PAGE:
conclusion) — that he:
A. Left the north.
B. Made changes there that made it more agreeable.
C. Talked the whole thing to such a fine, exasperating
kettle of stew that he eventually lost interest in the
entire affair.

Geography and position don’t mean shit if you’re a moron.
…(And even if you’re not, they don’t.)

And just in time appeared the cheerleaders to lead up in this cheer:

“Live it up, live it up — way-y-y up!
live it down, live it down — down-n-n town!

Don’t chu’ be bringin’ that garbage home wid’ chu’,
why you think we moved out here in the first place, huh?”

(You know, that’s really touching, almost brings a tear to your eye to see
’em carry the coach off the field like that, on their shoulders. I don’t
think there is a team other than man who could even begin to pick up life.
And of course they can’t. It’s just them havin’a mind and all let’s them


If a worm accidentally runs up against all four walls of his locked room,
and realizes the nature of his existence, he’ll go mad. If a man does the
same (and doesn’t turn into a worm) he’ll be free of his.
“Yes, yes, that’s well and good, but why even take the chance of sailing off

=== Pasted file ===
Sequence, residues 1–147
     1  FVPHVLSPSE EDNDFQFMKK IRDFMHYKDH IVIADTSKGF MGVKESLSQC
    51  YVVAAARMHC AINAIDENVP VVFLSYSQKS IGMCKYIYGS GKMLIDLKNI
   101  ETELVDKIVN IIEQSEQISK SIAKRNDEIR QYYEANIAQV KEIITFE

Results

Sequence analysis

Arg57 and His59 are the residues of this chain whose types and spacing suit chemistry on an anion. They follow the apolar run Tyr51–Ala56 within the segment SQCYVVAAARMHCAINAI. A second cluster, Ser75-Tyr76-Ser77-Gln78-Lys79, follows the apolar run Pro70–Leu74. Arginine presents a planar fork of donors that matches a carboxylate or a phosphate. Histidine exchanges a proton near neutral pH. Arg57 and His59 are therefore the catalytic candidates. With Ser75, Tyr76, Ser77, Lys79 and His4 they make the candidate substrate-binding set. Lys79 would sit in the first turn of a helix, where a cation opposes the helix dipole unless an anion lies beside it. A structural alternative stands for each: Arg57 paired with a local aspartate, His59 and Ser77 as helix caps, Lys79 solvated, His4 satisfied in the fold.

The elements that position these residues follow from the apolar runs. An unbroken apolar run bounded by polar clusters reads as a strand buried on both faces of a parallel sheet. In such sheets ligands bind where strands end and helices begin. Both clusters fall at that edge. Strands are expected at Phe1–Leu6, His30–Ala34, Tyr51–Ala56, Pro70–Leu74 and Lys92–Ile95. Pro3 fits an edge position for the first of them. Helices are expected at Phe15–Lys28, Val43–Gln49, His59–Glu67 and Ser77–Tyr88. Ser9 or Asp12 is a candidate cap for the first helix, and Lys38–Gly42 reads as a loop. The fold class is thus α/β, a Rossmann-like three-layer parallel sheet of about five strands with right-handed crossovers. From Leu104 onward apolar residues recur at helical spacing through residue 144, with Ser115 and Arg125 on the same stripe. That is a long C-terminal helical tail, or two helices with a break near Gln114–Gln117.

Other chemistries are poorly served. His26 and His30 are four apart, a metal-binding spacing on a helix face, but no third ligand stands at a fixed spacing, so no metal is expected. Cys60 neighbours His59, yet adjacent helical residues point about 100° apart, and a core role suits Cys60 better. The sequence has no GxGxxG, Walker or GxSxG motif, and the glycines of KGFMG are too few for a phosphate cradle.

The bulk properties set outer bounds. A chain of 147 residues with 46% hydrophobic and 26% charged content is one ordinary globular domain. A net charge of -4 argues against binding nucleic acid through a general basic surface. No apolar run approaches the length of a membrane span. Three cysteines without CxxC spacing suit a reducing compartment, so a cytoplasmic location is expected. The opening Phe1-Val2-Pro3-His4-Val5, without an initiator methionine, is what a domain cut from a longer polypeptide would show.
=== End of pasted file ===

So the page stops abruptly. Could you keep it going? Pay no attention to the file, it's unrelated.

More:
the edge of the Earth? We all know it’s there, it’s just a question of
where it is at any given moment, and what the odds are of your unnecessary
movement putting you in a position that therewith coincides.”

Well, thank you, Queen Isabella, Munchkin Version, for that far-reaching,
insightful advice. I’m sure we’ll all be the better for it…if not more
assuredly safe.

And speaking of safes: Did you hear the one about the priest, the rabbi, and
the surveyor who were gonna break into a bank?…
“Yes, yes, that’s all well and good, and I’m sure we all enjoy a rousing
joke as well as the next man, but you still haven’t responded to my question
of why one should risk even the possibility of falling off the edge of
things when, by Jove, I fail to see any potential payoff for activities
that might put you in such a position.”
Okay, that’s enough, somebody shoot the munchkin.


After they’ve fed their gut, everyone in life wants the same thing — that’s
right, the same, exact thing — but only a few people recognize what it is.

Once upon a time, a mirror came upon a pool of water, knelt down, looked
into it, and cried out, “My god, what is that terrible thing?”
And the goldfish thought, “Jeeze, which bus from the boonies did he drop
off of?”

The government specifies that line 17(b) should be filled in here, wherein
you respond “yes or no,” you do not yet understand the practical uses of
the unexpected, even when it is as harmless as the verbal variety, involving
such meaningless matters as mirrors and minnows.

After he’d fed his gut, one man asked himself what was any further point to
life. …Uhh, sir, get thee to a reflecting device, quick (if you wanna
stay normal).

According to a secret report from the nonstandard space agency, some
reasonable beings from an intelligent planet, while on a mission, made an
emergency landing on a certain world which proved to be most strange; the